The second collaboration by Rodgers and Hammerstein, Carousel tells the story of a young girl’s romance with a carousel barker in a small Maine town in the 1870s. “A Real Nice Clambake” finds the townspeople talking of the wonders of the meal they just finished, including codfish chowder and salted pork. While not as well-known as some of Rodgers and Hammerstein’s other musicals—which include Oklahoma! and The Sound of Music—Time magazine named Carousel the best musical of the 20th century in 1999.
- “Suppertime” (You’re A Good Man, Charlie Brown)
Perhaps the most enthusiastic person to ever sing about food onstage isn’t a person at all, but one of America’s most famous canines. In the razzle dazzle number “Suppertime,” composed by Clark Gesner, Snoopy sings the praises of his favorite meal of the day—much to the chagrin of his loyal companion Charlie Brown. Roger Bart, who provided the singing voice for Disney’s animated film Hercules, won the Tony for his portrayal of Snoopy when the show returned to Broadway in 1999.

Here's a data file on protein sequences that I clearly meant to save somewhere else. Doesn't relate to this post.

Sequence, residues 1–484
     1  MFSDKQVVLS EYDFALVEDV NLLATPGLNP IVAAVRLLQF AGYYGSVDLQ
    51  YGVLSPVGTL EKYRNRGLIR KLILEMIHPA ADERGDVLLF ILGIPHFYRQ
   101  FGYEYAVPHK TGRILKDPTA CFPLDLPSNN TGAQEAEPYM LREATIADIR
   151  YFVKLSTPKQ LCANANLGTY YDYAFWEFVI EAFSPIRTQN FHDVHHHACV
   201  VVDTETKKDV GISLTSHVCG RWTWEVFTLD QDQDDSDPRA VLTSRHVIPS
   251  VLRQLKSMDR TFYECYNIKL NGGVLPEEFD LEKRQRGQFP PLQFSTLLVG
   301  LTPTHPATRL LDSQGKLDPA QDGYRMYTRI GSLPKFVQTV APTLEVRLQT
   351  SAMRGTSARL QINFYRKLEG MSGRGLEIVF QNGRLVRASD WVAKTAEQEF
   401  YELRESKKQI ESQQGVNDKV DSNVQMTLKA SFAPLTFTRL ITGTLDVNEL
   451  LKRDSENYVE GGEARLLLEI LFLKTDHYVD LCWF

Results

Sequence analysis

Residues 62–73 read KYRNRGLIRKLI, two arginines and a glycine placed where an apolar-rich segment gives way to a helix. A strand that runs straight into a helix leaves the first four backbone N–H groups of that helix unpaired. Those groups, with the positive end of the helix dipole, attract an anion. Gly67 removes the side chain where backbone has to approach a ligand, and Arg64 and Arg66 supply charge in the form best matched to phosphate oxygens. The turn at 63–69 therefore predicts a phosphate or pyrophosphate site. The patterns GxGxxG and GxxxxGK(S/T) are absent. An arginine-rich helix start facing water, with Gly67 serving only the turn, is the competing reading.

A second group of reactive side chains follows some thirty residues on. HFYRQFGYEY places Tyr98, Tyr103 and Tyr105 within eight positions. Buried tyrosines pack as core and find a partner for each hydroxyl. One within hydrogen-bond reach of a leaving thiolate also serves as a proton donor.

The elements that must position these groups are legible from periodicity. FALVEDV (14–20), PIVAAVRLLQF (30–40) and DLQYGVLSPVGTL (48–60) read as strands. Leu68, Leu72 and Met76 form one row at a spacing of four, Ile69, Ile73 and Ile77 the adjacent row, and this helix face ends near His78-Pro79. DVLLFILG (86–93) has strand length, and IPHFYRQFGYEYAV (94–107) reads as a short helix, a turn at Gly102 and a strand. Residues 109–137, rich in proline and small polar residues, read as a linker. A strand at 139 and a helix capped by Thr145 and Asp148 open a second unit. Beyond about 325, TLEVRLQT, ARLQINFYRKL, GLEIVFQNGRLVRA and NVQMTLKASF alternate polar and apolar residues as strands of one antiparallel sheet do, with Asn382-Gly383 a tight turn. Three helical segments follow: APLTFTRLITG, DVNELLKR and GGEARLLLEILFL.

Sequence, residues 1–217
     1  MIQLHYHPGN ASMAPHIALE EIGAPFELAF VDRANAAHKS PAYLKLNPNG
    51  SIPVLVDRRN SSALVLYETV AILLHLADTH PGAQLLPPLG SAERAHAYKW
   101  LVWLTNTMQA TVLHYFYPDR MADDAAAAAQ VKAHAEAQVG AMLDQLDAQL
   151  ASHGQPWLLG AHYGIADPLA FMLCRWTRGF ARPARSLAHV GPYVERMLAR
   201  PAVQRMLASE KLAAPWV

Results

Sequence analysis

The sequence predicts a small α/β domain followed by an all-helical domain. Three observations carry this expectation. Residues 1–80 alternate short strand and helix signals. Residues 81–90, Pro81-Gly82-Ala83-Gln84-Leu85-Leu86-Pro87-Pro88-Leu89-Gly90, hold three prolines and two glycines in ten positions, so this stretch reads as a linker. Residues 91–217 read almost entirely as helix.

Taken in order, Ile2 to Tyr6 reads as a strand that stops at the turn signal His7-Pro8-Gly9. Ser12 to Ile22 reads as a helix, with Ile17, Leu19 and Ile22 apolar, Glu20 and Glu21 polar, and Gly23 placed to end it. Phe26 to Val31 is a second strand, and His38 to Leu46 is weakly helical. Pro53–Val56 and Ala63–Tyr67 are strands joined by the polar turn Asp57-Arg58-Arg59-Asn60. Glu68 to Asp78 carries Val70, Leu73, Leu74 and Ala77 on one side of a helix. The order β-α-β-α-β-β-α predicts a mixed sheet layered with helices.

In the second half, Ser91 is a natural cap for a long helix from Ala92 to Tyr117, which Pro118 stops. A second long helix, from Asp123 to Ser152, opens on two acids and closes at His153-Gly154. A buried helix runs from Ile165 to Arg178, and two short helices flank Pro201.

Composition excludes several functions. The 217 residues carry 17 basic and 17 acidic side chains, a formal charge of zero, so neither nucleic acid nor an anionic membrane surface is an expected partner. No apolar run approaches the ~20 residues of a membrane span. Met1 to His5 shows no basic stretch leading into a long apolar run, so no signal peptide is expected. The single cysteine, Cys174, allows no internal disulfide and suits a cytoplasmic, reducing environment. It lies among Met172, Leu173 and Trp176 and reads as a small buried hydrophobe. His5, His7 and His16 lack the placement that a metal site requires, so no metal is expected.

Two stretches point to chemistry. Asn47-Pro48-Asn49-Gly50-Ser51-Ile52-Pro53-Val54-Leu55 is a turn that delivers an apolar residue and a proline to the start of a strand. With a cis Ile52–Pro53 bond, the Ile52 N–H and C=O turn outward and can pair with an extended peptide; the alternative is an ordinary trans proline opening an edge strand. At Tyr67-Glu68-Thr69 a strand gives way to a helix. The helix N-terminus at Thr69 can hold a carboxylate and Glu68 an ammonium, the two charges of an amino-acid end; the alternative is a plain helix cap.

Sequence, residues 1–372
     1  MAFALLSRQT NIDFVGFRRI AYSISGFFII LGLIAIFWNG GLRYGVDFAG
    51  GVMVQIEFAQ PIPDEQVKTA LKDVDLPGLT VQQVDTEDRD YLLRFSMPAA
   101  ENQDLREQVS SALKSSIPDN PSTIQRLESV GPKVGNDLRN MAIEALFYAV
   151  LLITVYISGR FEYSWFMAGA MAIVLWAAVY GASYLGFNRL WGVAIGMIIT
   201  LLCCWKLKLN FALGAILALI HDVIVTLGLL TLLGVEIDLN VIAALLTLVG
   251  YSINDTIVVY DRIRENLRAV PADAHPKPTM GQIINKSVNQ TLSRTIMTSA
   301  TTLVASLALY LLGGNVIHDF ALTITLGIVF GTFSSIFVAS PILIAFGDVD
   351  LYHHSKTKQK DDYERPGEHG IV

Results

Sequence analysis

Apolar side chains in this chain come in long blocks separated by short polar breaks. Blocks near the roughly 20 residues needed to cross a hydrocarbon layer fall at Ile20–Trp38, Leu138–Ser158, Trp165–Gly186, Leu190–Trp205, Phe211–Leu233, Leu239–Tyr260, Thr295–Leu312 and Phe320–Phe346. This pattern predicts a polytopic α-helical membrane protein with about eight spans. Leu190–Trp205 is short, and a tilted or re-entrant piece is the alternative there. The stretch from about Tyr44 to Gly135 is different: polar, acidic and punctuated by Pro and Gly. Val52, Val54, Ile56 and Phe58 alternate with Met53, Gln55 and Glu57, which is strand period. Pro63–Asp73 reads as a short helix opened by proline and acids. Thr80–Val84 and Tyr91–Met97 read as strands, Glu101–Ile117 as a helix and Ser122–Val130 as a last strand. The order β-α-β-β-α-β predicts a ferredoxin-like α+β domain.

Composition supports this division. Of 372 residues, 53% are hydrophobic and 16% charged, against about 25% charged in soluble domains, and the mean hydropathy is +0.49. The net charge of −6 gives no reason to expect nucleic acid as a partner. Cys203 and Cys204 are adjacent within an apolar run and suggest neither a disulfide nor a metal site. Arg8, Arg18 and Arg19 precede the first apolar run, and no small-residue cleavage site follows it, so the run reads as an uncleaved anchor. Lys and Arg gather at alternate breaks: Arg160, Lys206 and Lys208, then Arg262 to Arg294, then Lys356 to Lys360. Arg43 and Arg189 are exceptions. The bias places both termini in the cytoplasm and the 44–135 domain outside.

- “Suppertime” (Little Shop of Horrors)
Although it shares a name with Snoopy’s “Suppertime,” the lyrics, the tone, the singer, and the show this song comes from could not be more different. Written by Alan Menken and Howard Ashman, Little Shop of Horrors chronicles the attempts of a florist, Seymour, to woo a co-worker named Audrey by raising a man-eating plant. In “Suppertime,” the plant, Audrey 2, pleads with Seymour for more food. Four years after its off-Broadway premiere, the musical went from the stage to the screen with a cast that included Steve Martin, Rick Moranis, and Ellen Greene.
- “Les Poissons” (The Little Mermaid)
Another collaboration between Little Shop of Horrors duo Howard Ashman and Alan Menken, “Les Poissons” (“the fish” in French) is Chef Louis’ homage to seafood, sung to beloved crustacean Sebastian: “Here we go, in the sauce / Now some flour I think just a dab / Now I stuff you with bread / Don't worry, ’cause you’re dead.” The Little Mermaid film enjoyed critical success when it premiered in 1989 and is commonly credited as the beginning of the highly successful “Eisner Era” of Disney animation. The stage version opened in New York in 2008, but garnered less favorable reviews than its source material and closed after only two years on Broadway.